The Delhi High Court on Wednesday upheld a verdict awarding life imprisonment to three convicts for the murder of Nitish Katara and called the case an instance of “honour killing”.
A division bench comprising justices Gita Mittal and J R Midha dismissed the convicts’ appeals against a May 2008 trial court verdict awarding them life imprisonment for abducting and killing Nitish Katara in 2002. The bench posted for April 25 the appeal of Katara’s mother, Neelam Katara, who sought death sentences for the three convicts – Vikas Yadav, Vishal Yadav and contract killer Sukhdev Pehalwan – who are serving their terms in the Tihar Central Jail.
According to the prosecution, Vikas and Vishal killed Katara on the night of February 17, 2002, after abducting him from a marriage function in Uttar Pradesh’s Ghaziabad as they were opposed to his friendship with their sister Bharti Yadav. In the 1,193-page verdict, the high court bench held that Nitish Katara’s murder was an “honour killing” and that this case brings to the fore a “malaise” which afflicts Indian society.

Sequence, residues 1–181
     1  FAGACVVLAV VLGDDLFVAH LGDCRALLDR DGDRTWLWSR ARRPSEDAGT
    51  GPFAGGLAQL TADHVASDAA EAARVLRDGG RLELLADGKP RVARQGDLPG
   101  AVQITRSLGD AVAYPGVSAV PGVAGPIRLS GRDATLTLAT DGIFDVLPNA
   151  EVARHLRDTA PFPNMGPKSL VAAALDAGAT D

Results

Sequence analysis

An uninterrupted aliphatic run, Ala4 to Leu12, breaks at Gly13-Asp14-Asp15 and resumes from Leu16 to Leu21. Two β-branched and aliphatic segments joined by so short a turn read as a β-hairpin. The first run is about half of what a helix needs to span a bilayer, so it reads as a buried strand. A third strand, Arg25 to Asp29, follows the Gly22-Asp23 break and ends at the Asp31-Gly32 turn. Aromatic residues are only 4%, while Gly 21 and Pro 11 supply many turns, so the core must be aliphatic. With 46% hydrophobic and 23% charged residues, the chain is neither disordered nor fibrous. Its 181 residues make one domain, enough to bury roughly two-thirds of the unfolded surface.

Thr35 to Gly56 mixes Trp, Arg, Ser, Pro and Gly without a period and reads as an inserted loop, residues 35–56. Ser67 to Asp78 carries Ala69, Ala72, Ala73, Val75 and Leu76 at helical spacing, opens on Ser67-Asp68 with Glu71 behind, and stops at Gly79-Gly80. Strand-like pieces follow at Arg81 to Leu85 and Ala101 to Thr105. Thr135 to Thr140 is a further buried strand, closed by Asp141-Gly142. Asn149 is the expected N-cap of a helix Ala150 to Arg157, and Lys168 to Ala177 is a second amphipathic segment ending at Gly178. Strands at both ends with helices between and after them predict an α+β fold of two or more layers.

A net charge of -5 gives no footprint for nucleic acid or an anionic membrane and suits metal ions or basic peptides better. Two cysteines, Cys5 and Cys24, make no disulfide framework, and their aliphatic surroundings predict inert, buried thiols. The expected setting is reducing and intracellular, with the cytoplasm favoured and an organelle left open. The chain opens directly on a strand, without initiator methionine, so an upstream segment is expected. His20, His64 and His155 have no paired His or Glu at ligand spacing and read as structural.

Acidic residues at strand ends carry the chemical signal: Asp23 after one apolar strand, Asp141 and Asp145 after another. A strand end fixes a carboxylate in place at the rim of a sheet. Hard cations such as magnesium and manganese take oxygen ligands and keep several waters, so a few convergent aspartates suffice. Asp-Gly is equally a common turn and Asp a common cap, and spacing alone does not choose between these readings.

“What is of special concern is that such divisive forces exist even on the borders of Delhi – the nation’s capital, which is also a cosmopolitan city,” the court observed.
“The case of the prosecution squarely brings the murder of Nitish Katara within the meaning of the expression of honour killing,” it said.
“It is in evidence that Bharti’s family was opposed to her association or any kind of alliance with Nitish Katara on the ground that he was not from the same caste and that he belonged to a service class family. While she was a Yadav, Nitish was a Katara.
Bharti came from a well-placed business class family with her father also being a member of Parliament. Nitish Katara’s father was in government service and they lived in official accommodation. Nitish Katara was certainly not in the same income bracket of Bharti’s family,” the court observed.
The court also pulled up the Yadav brothers for attempting to delay the case and for mocking every direction passed by the court during trial. It said that because of their “influence”, it took their sister Bharti Yadav three and a half years to enter the witness box.
The bench also said that the Yadavs made every possible effort to avoid Bharti’s appearance, a material witness before the trial court, which resulted in substantial delay in trial, as well as “pressurised her into withholding material evidence and giving testimony which was prevaricatory and false”.